What Does Online Shopping Have in Common With Surviving A Heart Attack?

Thursday, September 21, 2023

Location: RGL 100 and Online

Fall 2023 Research Seminar on Thursday, September 21st.


12:00 - 01:00 PM



RGL 100 and Online



Dr. Emily Moylan. a Senior Lecturer
in Transport at the School of Civil
Engineering, University of Sydney

The recording is available now, view here



Getting your online purchases from the warehouse to your front door requires a careful design of warehouse and depot locations, vehicle capacity, scheduling and routing. Logistics companies and researchers work on novel ways to represent and solve these problems to optimise cost, profit and delivery time.

Ambulance services are in the business of patient logistics. Their goal is to get medical help to patients and patients to hospital to maximize survival. More than 350,00 cardiac arrests occur outside of hospitals in the US annually, and with a survival rate of about 10% there is potential to design a system to get those patients treated more quickly to improve their chances of staying alive. A promising development is using heart-and-lung bypass as a stopgap while waiting definitive treatment-- this is called extracorporeal membrane oxygenation cardiopulmonary resuscitation or ECPR.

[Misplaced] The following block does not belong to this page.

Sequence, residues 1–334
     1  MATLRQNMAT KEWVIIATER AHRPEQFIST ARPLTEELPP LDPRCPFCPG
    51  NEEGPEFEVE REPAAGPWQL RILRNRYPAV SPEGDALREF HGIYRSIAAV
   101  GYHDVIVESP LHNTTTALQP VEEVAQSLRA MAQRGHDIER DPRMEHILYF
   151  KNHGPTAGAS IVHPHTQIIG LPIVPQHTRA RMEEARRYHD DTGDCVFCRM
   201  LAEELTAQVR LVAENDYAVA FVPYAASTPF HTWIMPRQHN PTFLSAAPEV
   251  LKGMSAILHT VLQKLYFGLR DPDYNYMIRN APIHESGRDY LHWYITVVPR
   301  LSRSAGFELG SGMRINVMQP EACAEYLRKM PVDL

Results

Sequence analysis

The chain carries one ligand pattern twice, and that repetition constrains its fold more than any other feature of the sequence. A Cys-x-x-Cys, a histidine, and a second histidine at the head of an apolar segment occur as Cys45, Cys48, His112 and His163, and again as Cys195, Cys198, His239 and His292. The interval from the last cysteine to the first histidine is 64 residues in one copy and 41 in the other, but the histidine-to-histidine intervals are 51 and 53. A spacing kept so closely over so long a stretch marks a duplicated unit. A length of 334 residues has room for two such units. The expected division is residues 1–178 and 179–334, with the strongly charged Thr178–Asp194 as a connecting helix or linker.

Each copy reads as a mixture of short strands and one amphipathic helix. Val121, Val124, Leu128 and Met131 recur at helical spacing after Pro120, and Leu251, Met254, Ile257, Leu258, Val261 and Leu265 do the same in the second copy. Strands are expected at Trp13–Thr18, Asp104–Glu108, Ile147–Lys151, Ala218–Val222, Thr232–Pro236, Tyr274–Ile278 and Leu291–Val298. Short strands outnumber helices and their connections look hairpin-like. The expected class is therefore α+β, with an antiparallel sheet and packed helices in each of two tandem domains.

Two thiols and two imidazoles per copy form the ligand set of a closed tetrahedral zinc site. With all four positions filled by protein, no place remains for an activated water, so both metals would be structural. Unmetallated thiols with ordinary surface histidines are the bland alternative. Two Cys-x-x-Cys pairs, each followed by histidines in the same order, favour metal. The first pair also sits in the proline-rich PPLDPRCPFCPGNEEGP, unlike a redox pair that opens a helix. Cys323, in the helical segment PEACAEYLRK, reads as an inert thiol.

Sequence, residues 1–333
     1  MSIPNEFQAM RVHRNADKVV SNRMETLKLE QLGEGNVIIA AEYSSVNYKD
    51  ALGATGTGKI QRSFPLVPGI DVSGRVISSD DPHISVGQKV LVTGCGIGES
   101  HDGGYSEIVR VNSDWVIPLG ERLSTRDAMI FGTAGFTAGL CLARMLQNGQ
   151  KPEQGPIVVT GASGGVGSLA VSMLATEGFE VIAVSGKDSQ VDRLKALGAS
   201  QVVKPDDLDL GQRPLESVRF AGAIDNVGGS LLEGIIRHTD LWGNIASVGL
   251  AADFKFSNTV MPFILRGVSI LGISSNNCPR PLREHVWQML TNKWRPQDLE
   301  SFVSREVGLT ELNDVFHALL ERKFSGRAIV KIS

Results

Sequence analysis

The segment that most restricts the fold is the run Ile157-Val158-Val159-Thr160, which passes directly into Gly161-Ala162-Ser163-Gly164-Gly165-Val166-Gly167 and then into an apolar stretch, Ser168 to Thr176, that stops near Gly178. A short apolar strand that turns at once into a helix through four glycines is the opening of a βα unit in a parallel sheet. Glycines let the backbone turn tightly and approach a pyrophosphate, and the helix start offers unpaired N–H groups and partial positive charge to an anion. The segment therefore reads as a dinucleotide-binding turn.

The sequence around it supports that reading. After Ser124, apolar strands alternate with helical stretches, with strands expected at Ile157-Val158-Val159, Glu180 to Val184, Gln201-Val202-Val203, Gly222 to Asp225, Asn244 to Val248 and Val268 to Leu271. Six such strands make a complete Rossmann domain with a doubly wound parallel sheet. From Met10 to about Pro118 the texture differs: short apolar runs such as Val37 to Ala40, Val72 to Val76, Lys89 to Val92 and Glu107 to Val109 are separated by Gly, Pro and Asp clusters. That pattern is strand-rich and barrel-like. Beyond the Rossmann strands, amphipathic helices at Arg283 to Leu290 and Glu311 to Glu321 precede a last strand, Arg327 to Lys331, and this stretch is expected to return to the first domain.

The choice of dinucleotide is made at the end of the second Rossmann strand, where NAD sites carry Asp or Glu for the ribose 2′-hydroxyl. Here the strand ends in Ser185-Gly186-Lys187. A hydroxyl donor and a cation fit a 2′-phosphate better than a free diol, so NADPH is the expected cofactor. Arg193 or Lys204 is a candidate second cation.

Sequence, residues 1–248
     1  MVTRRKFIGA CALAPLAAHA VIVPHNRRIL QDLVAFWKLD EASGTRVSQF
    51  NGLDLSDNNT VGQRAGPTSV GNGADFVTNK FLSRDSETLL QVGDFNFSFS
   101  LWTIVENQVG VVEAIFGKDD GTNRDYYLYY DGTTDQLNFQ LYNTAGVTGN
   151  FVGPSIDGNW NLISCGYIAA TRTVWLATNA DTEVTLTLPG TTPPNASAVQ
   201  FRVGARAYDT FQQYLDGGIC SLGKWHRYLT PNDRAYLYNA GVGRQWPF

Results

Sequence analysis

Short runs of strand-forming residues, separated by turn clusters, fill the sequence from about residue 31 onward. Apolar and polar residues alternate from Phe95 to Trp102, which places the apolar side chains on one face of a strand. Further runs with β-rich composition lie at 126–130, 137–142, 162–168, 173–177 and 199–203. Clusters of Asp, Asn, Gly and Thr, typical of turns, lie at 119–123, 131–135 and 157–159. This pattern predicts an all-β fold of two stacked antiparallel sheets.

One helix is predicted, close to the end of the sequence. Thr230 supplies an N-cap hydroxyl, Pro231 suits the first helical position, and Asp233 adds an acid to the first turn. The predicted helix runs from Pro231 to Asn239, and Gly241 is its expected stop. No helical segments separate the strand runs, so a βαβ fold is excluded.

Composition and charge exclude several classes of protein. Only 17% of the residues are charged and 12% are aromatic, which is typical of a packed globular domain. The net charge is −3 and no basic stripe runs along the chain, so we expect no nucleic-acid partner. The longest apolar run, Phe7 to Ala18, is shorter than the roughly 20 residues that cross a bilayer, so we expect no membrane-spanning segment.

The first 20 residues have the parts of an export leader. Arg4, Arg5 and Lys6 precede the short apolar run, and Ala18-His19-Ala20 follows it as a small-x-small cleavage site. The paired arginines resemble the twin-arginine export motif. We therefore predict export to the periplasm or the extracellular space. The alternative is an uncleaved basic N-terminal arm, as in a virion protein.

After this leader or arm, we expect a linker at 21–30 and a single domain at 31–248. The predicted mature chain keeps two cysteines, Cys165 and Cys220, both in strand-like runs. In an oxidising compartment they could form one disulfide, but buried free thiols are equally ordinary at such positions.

In this work, we frame ECPR planning as an optimisation borrowing concepts from parcel logisitcs and accessibility analysis. We explore alternative delivery strategies where the patient travels to the treatment, the treatment travels to the patient or the treatment and patient rendezvous at an intermediate point. We demonstrate that survival benefits from alternative strategies outperform the more costly solution of providing more facilities. These findings have been used to inform the next phase of deployment of ECPR in Sydney, Australia


Biographical Sketch

Dr Emily Moylan is a Senior Lecturer in Transport at the School of Civil Engineering, University of Sydney, where she is leading a research program in the stochasticity of transport system performance. Emily’s research builds on data from many sources including road traffic counters, pedestrian delays, Google Maps API, and transit smart cards to understand the complexity and variability in the way that people move around urban spaces. After completing her PhD in Astrophysics at ANU in 2011, she studied Transport Planning (Master of City Planning) and Engineering (Master of Science) at University of California, Berkeley.


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Emily Moylan Seminar Flyer (1).pdf